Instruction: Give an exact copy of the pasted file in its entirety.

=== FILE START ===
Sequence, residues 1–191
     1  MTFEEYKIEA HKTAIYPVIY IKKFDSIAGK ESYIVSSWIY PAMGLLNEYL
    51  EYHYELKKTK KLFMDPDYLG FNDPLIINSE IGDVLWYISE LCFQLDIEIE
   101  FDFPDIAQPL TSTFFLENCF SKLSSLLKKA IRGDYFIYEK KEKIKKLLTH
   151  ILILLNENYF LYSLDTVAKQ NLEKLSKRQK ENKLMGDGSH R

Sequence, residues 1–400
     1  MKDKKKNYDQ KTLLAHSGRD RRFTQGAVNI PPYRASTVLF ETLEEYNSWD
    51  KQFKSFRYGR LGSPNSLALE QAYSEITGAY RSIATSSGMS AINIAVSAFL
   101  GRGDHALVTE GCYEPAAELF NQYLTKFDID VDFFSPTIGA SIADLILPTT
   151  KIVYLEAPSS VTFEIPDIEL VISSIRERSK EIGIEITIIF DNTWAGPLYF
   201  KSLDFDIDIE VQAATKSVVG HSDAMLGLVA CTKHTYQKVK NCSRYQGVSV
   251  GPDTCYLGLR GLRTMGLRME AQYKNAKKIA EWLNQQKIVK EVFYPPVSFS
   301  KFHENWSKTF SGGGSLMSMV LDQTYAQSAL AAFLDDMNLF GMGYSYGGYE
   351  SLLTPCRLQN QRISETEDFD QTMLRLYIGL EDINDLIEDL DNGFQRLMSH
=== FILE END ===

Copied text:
Sequence, residues 1–191
     1  MTFEEYKIEA HKTAIYPVIY IKKFDSIAGK ESYIVSSWIY PAMGLLNEYL
    51  EYHYELKKTK KLFMDPDYLG FNDPLIINSE IGDVLWYISE LCFQLDIEIE
   101  FDFPDIAQPL TSTFFLENCF SKLSSLLKKA IRGDYFIYEK KEKIKKLLTH
   151  ILILLNENYF LYSLDTVAKQ NLEKLSKRQK ENKLMGDGSH R

Sequence, residues 1–400
     1  MKDKKKNYDQ KTLLAHSGRD RRFTQGAVNI PPYRASTVLF ETLEEYNSWD
    51  KQFKSFRYGR LGSPNSLALE QAYSEITGAY RSIATSSGMS AINIAVSAFL
   101  GRGDHALVTE GCYEPAAELF NQYLTKFDID VDFFSPTIGA SIADLILPTT
   151  KIVYLEAPSS VTFEIPDIEL VISSIRERSK EIGIEITIIF DNTWAGPLYF
   201  KSLDFDIDIE VQAATKSVVG HSDAMLGLVA CTKHTYQKVK NCSRYQGVSV
   251  GPDTCYLGLR GLRTMGLRME AQYKNAKKIA EWLNQQKIVK EVFYPPVSFS
   301  KFHENWSKTF SGGGSLMSMV LDQTYAQSAL AAFLDDMNLF GMGYSYGGYE
   351  SLLTPCRLQN QRISETEDFD QTMLRLYIGL EDINDLIEDL DNGFQRLMSH